Summary: Are you a child of God? That is the main source of assurance. But, how can you know if your faith is genuine? Is the Holy Spirit confirming to you the wonderful truth that God has adopted you into His family?

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Opening illustration: When John F. Kennedy was president of the US, photographers sometimes captured a winsome scene. Seated around the president’s desk in the Oval Office, cabinet members are debating matters of world consequence. Meanwhile, a toddler, the 2-year-old John-John, crawls around and inside the huge presidential desk, oblivious to White House protocol and the weighty matters of state. He is simply visiting his daddy.

Do we really know what it means to be children of God? Let us turn to Romans 8 and find out …

Introduction: That is the kind of shocking accessibility conveyed in the word Abba when Jesus said, “Abba, Father, all things are possible for You” (Mark 14:36). God may be the sovereign Lord of the universe, but through His Son, God became as approachable as any doting human father. In Romans 8, Paul brings the image of intimacy even closer. God’s Spirit lives inside us, he says, and when we do not know what we ought to pray “the Spirit Himself makes intercession for us with groanings which cannot be uttered” (v.26).

Jesus came to demonstrate that a perfect and holy God welcomes pleas for help from a widow with two mites and a Roman centurion and a miserable publican and a thief on a cross. We need only call out “Abba” or, failing that, simply groan. God has come that close to us.

In fact John 1:12, Romans 9:8 and 1 John 3:10 tell us who are and who aren’t the children of God.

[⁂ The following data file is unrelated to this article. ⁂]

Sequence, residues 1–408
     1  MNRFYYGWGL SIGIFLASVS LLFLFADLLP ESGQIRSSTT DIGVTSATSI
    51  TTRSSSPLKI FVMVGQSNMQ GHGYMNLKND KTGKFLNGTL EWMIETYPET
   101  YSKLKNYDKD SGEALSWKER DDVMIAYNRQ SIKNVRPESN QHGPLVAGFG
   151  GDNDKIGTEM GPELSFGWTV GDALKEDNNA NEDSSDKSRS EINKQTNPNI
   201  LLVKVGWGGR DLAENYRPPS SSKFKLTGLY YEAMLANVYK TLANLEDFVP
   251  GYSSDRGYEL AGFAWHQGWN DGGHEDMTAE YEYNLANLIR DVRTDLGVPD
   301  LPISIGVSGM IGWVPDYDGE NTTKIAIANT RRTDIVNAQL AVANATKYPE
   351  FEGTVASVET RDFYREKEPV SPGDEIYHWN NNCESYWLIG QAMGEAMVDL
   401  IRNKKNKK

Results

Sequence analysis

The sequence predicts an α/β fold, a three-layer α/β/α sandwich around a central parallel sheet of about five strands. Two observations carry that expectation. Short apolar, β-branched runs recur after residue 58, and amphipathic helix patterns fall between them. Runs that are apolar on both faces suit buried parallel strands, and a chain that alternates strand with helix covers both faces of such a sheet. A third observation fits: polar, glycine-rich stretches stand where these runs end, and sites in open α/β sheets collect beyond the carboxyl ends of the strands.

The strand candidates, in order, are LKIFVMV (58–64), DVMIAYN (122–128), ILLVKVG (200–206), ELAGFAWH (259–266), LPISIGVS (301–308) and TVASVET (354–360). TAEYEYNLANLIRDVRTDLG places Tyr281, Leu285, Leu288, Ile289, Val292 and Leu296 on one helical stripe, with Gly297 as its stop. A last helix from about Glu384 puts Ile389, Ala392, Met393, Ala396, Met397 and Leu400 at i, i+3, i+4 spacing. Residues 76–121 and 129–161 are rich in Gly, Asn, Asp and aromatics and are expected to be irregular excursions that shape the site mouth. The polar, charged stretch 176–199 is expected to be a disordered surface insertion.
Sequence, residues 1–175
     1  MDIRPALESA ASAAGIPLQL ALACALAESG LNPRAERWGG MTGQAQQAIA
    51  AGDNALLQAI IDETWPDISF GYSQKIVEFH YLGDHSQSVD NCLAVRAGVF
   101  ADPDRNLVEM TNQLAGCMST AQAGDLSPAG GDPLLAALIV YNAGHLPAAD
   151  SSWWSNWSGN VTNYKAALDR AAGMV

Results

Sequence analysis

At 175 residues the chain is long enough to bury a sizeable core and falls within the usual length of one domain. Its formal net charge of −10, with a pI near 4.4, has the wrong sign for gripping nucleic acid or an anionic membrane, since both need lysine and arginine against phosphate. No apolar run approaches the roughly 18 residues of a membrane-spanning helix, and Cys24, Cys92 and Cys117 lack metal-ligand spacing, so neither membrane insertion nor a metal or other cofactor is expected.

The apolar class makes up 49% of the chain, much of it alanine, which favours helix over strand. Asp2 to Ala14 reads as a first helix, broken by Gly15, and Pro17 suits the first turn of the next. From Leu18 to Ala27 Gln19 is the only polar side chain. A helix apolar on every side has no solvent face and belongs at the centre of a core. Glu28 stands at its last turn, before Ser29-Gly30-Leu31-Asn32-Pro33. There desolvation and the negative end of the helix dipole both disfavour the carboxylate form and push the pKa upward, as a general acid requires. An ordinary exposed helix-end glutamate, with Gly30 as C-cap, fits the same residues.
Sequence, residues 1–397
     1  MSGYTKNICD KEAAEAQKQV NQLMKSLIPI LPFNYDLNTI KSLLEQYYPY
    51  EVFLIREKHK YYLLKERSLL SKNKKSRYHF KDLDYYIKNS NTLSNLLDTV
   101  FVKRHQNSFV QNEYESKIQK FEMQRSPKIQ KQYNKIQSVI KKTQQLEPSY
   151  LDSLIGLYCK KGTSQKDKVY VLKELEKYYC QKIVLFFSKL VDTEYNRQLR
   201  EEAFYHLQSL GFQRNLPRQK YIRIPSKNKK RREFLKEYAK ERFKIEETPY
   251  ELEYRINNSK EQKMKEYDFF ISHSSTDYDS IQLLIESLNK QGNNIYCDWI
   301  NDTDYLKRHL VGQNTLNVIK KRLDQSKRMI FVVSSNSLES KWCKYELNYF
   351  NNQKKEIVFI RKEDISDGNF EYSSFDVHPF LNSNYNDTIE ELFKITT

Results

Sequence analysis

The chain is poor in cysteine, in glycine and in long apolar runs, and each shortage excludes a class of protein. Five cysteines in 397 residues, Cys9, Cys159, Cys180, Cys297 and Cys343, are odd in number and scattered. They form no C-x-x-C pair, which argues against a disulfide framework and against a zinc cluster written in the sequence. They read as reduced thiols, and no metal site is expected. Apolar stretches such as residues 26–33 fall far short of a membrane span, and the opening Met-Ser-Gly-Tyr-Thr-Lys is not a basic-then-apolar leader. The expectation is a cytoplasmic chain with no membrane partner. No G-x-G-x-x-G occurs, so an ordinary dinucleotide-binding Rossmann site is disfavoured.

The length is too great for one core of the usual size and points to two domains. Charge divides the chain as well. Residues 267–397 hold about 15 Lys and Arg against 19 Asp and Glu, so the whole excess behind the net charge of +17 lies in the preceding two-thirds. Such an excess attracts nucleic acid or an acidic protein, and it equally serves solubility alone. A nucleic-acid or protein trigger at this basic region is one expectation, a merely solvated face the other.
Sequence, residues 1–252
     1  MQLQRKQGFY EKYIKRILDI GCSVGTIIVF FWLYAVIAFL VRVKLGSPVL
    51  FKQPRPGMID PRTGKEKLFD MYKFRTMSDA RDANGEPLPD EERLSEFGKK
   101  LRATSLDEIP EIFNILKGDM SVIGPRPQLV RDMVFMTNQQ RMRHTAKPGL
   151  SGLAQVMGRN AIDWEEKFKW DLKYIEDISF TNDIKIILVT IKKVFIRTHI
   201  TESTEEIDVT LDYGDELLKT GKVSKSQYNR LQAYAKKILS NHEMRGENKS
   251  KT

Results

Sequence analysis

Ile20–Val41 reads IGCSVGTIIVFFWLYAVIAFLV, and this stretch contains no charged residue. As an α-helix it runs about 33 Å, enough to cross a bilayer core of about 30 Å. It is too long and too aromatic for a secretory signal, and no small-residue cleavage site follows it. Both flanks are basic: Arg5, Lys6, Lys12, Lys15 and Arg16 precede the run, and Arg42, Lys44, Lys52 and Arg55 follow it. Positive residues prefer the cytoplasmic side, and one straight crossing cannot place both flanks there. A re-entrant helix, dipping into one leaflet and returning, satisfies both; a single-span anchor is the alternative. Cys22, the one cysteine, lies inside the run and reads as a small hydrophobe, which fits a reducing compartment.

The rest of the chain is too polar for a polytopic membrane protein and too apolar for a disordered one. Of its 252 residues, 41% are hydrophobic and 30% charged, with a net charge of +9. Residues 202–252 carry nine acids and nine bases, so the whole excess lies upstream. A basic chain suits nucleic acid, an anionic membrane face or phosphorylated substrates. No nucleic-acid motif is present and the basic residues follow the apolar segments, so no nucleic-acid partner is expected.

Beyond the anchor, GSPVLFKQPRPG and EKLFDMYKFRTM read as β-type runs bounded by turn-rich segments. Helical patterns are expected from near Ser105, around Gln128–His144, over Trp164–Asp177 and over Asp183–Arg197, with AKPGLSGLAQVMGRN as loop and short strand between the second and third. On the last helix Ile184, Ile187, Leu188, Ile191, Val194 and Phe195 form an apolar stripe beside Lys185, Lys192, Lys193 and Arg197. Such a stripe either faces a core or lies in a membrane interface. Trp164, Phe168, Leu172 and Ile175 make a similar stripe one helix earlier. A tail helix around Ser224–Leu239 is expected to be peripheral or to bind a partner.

Who are the children of God?

1. Led by the Holy Spirit (v. 14)

Often when people speak of the Holy Spirit they associate it with an extraordinary or spectacular event. We tend to let stories like the tongues of fire that appeared on the heads of the apostles (Acts 2:3) or the dramatic conversion of St. Paul on the road to Damascus define our understanding of how God works in the world. And there is little question that many acts of God are astonishing.

But just as notable is the way God works in a mundane manner. When Paul speaks of the power of the Spirit in our verses he points to our inclusion in God’s family. The Spirit makes us “children of God” (8:14) and so intertwines our lives with Christ that we now understand God as a Father or even a “Daddy” (as Abba might be translated -- see 8:15). In addition, Paul suggests we are now “heirs” with Christ (8:17). In other words, all that the Son shares with the Father (peace, life, righteousness) has now been bequeathed to us as well.

In most cases the Holy Spirit usually does not try to draw attention to itself but rather works on us to strengthen our relationship of faith in Christ. This means the Spirit is very busy indeed. In our stumbling attempts at faith in Christ, the Holy Spirit is at work, overcoming our own desire to be in control. When we seek comfort, the Spirit reminds us of Christ’s seeking of the lost sheep and his forgiveness to a betrayer like Peter. When we need correction, the Spirit calls to mind Christ’s injunction against the love of money or the need to forgive - even those we classify as enemies.

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